Blood pressure lowering after experimental cerebral ischemia provides neurovascular protection

Hazem F. Elewa, Anna Kozak, Maribeth H Johnson, Adviye Ergul, Susan C. Fagan

Research output: Contribution to journalArticle

40 Citations (Scopus)

Abstract

BACKGROUND: There is evidence that acutely elevated blood pressure (BP) after stroke is associated with increased cerebral hemorrhage and edema. Previous experiments in our laboratory have shown that candesartan 1 mg/kg administered after reperfusion in a model of hypertension after experimental ischemic stroke reduces neurovascular damage and improves outcome. These results could be either mediated by BP lowering or a BP-independent cerebrovascular protective effect. OBJECTIVES: To determine the contribution of BP lowering to the neurovascular protection previously reported with candesartan after stroke. METHODS: Male Wistar rats (280-305 g) underwent 3 h of middle cerebral artery occlusion (MCAO). At reperfusion, either hydralazine 1 mg/kg (n = 8), enalapril 5 mg/kg (n = 7) or enalapril 10 mg/kg (n = 8) were administered intravenously. BP was measured by telemetry for 2 days before and 24 h after MCAO. After neurological function was assessed, brain tissue was processed for infarct size and hemoglobin content analyses. RESULTS: Mean arterial pressure (MAP) increased from 92 to 124 mmHg immediately upon MCAO and decreased to 112 mmHg after reperfusion, remaining elevated for 24 h (P < 0.0001) in the saline group. Hydralazine reduced MAP (P = 0.048) and infarct size (53 versus 30%, P = 0.0083), and there was a trend towards decreased hemoglobin content. Enalapril 5 mg/kg did not significantly change MAP or other outcomes. Enalapril 10 mg/kg reduced MAP (P < 0.0001) and infarct size (53 versus 29%, P = 0.003). There was an intermediate effect on both hemoglobin content and neurological function, neither one was significant. The time course of BP lowering varied with each treatment. CONCLUSION: Acute BP lowering after reperfusion in acute ischemic stroke is an effective strategy to achieve neurovascular protection. The rate, extent and mechanism of BP lowering may determine the magnitude of protection.

Original languageEnglish (US)
Pages (from-to)855-859
Number of pages5
JournalJournal of Hypertension
Volume25
Issue number4
DOIs
StatePublished - Apr 1 2007

Fingerprint

Brain Ischemia
Blood Pressure
Enalapril
Reperfusion
Middle Cerebral Artery Infarction
Arterial Pressure
Stroke
Hydralazine
Hemoglobins
Telemetry
Brain Edema
Cerebral Hemorrhage
Wistar Rats
Hypertension
Brain

Keywords

  • Blood pressure
  • Neurovascular protection
  • Stroke

ASJC Scopus subject areas

  • Internal Medicine
  • Endocrinology

Cite this

Blood pressure lowering after experimental cerebral ischemia provides neurovascular protection. / Elewa, Hazem F.; Kozak, Anna; Johnson, Maribeth H; Ergul, Adviye; Fagan, Susan C.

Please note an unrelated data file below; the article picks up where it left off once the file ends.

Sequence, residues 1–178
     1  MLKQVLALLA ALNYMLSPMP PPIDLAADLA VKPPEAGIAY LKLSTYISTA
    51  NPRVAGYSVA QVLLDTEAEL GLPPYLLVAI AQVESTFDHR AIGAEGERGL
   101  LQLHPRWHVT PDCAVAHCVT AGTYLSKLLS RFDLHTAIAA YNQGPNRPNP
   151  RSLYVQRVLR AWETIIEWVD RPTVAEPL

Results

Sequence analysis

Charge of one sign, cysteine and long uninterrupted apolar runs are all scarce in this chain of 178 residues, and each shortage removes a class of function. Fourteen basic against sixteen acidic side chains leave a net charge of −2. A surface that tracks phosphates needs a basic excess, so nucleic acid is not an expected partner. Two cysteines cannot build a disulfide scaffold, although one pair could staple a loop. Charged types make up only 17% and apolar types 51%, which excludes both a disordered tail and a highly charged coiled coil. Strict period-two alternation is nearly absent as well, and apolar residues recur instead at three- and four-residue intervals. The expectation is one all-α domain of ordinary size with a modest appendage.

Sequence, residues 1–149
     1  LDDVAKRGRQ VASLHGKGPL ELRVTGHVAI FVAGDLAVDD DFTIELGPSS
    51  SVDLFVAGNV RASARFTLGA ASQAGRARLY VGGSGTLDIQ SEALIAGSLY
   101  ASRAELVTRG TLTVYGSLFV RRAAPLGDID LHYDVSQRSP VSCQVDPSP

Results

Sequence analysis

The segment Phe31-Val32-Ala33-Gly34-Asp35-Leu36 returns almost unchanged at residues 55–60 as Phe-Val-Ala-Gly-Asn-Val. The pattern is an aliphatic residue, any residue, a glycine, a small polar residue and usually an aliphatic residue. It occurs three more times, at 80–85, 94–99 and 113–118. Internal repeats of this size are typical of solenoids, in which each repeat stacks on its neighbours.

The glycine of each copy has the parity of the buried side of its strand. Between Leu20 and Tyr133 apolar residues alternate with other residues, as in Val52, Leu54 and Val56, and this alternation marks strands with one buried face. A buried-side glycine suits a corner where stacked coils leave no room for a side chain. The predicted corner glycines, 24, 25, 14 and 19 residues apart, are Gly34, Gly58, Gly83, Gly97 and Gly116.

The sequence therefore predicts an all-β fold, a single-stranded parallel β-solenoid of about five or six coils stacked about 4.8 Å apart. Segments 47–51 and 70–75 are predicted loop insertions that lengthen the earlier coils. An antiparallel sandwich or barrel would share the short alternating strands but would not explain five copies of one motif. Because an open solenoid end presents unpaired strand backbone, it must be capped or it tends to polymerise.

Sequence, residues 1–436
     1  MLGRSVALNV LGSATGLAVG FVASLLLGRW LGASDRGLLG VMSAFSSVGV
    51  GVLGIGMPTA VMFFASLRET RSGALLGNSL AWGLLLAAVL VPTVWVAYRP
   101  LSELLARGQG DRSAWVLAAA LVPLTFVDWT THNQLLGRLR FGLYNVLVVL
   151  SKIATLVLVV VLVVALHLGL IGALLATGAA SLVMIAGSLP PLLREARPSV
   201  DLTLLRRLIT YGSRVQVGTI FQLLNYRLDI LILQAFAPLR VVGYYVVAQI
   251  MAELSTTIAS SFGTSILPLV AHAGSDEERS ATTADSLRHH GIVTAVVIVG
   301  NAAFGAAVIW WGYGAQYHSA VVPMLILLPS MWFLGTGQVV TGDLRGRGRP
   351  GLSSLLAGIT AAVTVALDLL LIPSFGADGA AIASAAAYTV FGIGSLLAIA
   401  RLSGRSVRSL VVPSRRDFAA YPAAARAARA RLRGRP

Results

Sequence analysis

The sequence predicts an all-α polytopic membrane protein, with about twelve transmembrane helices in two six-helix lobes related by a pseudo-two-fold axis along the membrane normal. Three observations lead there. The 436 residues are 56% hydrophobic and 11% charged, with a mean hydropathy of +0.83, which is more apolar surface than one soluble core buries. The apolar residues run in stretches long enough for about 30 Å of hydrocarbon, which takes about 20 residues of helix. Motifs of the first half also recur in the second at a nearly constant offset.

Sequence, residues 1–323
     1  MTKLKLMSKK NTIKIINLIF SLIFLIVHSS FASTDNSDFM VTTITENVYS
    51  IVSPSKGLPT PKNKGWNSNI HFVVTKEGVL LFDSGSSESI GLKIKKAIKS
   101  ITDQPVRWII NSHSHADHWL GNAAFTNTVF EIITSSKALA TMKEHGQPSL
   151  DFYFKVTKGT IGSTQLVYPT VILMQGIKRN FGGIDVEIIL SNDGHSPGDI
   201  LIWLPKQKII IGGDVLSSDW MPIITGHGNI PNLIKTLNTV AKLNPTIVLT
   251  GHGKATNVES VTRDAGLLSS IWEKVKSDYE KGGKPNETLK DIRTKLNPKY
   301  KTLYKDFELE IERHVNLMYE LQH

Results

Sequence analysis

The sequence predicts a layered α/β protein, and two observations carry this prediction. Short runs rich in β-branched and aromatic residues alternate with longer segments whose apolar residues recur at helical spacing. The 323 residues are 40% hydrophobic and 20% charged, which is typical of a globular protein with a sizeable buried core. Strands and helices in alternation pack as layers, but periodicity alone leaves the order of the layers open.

In: Journal of Hypertension, Vol. 25, No. 4, 01.04.2007, p. 855-859.

Research output: Contribution to journalArticle

Elewa, Hazem F. ; Kozak, Anna ; Johnson, Maribeth H ; Ergul, Adviye ; Fagan, Susan C. / Blood pressure lowering after experimental cerebral ischemia provides neurovascular protection. In: Journal of Hypertension. 2007 ; Vol. 25, No. 4. pp. 855-859.
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AU - Fagan, Susan C.

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AB - BACKGROUND: There is evidence that acutely elevated blood pressure (BP) after stroke is associated with increased cerebral hemorrhage and edema. Previous experiments in our laboratory have shown that candesartan 1 mg/kg administered after reperfusion in a model of hypertension after experimental ischemic stroke reduces neurovascular damage and improves outcome. These results could be either mediated by BP lowering or a BP-independent cerebrovascular protective effect. OBJECTIVES: To determine the contribution of BP lowering to the neurovascular protection previously reported with candesartan after stroke. METHODS: Male Wistar rats (280-305 g) underwent 3 h of middle cerebral artery occlusion (MCAO). At reperfusion, either hydralazine 1 mg/kg (n = 8), enalapril 5 mg/kg (n = 7) or enalapril 10 mg/kg (n = 8) were administered intravenously. BP was measured by telemetry for 2 days before and 24 h after MCAO. After neurological function was assessed, brain tissue was processed for infarct size and hemoglobin content analyses. RESULTS: Mean arterial pressure (MAP) increased from 92 to 124 mmHg immediately upon MCAO and decreased to 112 mmHg after reperfusion, remaining elevated for 24 h (P < 0.0001) in the saline group. Hydralazine reduced MAP (P = 0.048) and infarct size (53 versus 30%, P = 0.0083), and there was a trend towards decreased hemoglobin content. Enalapril 5 mg/kg did not significantly change MAP or other outcomes. Enalapril 10 mg/kg reduced MAP (P < 0.0001) and infarct size (53 versus 29%, P = 0.003). There was an intermediate effect on both hemoglobin content and neurological function, neither one was significant. The time course of BP lowering varied with each treatment. CONCLUSION: Acute BP lowering after reperfusion in acute ischemic stroke is an effective strategy to achieve neurovascular protection. The rate, extent and mechanism of BP lowering may determine the magnitude of protection.

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